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Language Kits supported by WorldScript

WorldScript was developed by Apple Computer to support the use of foreign languages and character sets in classic Mac OS version 7.1 and later.

Features

WorldScript is comprised of the WorldScript I and II extensions, as well as individual foreign language scripts and keyboards, which are installed into the System file. It is not an application program; it enables multilingual features in existing classic Mac OS applications and regulates how various scripts interact with each other.

History

WorldScript was introduced in 1992 with System 7.1, which was localized into 35 languages:[1]

  • Arabic
  • British
  • Bulgarian
  • Chinese (Simplified / Mainland China)
  • Chinese (Traditional / Taiwan)
  • Croatian
  • Czech
  • Danish
  • Dutch
  • English (International)
  • English (U.S.)
  • Faroese
  • Finnish
  • French
  • French Canadian
  • German
  • Greek
  • Hangul (Korea)
  • Hebrew
  • Icelandic
  • Italian
  • Japanese
  • Magyar
  • Norwegian
  • Persian
  • Polish
  • Portuguese
  • Romanian
  • Russian
  • Spanish
  • Swedish
  • Swiss French
  • Swiss German
  • Thai
  • Turkish

Language Kits were individually available for Arabic & Persian, Chinese, Cyrillic, Hebrew, Indian, Japanese, and Korean. Updaters were freely provided by Apple to make previously purchased Language Kits compatible with Mac OS 8.[2] In 1998, WorldScript and all available Language Kits became a standard part of Mac OS 8.5,[3][4] which also introduced support for Unicode through Apple Type Services for Unicode Imaging (ATSUI) 1.0. In 1999, Mac OS 8.6 updated ATSUI to version 1.1.[5]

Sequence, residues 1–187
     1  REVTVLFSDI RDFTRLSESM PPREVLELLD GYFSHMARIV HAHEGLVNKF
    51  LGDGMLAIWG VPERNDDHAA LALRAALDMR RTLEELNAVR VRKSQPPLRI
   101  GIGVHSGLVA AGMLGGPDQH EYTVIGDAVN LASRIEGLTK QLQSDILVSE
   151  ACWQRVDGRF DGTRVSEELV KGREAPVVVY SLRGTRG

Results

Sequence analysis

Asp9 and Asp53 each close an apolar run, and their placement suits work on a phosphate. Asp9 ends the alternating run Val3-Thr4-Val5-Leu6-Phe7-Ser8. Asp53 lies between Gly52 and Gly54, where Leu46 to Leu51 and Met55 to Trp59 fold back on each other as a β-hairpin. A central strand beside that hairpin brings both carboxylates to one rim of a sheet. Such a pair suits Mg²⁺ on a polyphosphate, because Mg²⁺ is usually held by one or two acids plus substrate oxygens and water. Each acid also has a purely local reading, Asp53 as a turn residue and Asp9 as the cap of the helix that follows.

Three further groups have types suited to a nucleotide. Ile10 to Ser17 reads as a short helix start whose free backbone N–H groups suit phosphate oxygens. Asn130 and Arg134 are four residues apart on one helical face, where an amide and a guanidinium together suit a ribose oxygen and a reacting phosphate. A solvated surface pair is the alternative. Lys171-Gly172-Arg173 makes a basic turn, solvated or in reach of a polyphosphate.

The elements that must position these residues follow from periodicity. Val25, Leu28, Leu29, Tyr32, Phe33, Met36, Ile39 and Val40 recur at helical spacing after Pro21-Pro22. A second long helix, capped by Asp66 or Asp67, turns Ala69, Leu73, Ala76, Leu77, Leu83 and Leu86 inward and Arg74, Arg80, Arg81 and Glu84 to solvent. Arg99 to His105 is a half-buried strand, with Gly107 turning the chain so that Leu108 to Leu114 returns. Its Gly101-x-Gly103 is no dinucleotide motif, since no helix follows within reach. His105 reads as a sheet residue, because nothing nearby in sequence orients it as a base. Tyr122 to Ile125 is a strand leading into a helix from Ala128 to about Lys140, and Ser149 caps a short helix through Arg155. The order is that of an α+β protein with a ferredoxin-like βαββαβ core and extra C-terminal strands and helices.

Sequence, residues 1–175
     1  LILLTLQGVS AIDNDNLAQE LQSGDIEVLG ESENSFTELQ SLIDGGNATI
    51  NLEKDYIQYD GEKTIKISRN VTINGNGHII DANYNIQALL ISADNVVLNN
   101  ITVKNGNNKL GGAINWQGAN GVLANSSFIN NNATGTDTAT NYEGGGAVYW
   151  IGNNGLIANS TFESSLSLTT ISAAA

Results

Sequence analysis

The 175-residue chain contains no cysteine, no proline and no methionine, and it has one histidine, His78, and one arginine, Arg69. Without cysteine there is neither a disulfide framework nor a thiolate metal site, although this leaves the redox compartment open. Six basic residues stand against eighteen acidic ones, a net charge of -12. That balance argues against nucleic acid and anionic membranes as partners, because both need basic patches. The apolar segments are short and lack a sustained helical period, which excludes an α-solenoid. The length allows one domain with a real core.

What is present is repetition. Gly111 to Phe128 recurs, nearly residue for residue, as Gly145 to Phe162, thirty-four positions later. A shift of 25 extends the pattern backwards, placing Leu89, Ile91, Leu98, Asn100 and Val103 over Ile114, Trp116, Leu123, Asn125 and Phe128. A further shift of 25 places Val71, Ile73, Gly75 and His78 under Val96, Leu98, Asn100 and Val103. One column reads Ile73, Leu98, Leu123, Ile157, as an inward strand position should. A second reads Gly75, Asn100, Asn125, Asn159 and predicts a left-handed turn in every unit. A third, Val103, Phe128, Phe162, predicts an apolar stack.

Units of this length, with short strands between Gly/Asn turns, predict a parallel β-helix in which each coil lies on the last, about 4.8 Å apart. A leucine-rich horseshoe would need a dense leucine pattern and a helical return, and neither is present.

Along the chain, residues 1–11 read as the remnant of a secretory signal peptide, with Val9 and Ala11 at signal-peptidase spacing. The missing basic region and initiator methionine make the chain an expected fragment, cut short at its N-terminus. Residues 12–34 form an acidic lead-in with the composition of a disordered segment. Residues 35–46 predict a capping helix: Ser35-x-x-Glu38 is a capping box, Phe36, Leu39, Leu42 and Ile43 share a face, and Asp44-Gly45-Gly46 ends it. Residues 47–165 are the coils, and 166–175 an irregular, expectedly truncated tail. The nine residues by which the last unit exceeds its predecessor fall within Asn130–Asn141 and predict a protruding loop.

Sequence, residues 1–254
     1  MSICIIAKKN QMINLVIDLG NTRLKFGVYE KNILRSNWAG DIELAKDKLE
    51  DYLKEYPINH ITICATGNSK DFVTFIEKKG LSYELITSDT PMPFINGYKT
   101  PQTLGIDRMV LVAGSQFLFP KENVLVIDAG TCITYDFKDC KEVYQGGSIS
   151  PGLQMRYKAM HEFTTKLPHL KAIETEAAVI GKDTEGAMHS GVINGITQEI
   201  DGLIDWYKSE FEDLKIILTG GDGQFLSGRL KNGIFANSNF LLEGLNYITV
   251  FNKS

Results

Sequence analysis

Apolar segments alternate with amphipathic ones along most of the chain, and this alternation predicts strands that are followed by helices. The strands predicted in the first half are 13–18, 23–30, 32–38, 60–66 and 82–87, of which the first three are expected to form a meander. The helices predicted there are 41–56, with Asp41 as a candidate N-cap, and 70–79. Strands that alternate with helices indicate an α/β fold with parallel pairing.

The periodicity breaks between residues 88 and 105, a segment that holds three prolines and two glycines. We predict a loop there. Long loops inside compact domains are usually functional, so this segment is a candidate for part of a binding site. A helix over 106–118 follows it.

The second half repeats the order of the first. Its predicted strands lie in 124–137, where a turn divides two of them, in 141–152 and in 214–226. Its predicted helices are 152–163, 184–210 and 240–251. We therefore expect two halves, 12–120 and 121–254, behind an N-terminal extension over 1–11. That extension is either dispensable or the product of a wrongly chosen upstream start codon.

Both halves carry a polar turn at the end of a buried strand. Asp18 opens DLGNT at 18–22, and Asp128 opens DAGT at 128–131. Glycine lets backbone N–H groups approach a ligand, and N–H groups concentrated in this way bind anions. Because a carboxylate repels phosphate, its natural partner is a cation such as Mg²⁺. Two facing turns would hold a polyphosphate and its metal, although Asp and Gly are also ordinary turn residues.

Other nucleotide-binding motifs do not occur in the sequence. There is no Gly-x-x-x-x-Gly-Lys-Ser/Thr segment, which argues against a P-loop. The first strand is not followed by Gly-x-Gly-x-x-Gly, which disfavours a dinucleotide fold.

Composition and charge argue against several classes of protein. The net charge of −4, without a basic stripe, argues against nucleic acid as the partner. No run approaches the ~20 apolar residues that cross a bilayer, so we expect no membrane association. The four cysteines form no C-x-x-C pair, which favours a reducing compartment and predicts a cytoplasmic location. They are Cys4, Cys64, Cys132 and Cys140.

Deprecation

With the transition to Mac OS X, WorldScript was phased out in favor of ATSUI with its Unicode support. However, as ATSUI itself was based on the transitional Carbon API, it too started being phased out in favor of Core Text with the release of Mac OS X 10.5 "Leopard" in October 2007.[6][7] Core Text was also adopted for the iPad in iPhone OS 3.2 and its successors, iOS and iPadOS. Mark Davis, the co-author of KanjiTalk and WorldScript,[8][9] is now the co-founder and president of the Unicode Consortium.[10]

References

  1. WorldScript: Macintosh is localized in 35 Languages, Apple Computer. Archived 1999-04-20.
  2. Apple Language Kits, Apple Computer. Archived 1998-04-29.
  3. A Brief History of Character Codes by Steven J. Searle, originally written 1999, last updated 2004.
  4. Mac OS 8.5 report (Japanese) by MACお宝鑑定団, Mac Teasure Tracing Club. 1998-12.
  5. Mac OS 8.5, 8.5.1, 8.6 and Developers, Apple Developer. Archived 1999-10-09.
  6. Overview of ATSUI, Apple Developer Connection. Archived 2003-09-18.
  7. Mac OS X 10.5 Leopard: the Ars Technica review, by John Siracusa, Ars Technica. 2007-10-28.
  8. Unicode History by Axel Rauschmayer, Speaking JavaScript: An In-Depth Guide for Programmers p.357. 2014-02-25.
  9. Macintosh Plus J-model 漢字Talk1.0 KanjiTalk1.0 by furui_ringo, Instagram. 2019.
  10. Meet the shadowy overlords who approve emojis by Tracy Lien, Los Angeles Times. 2016-01-26.

External links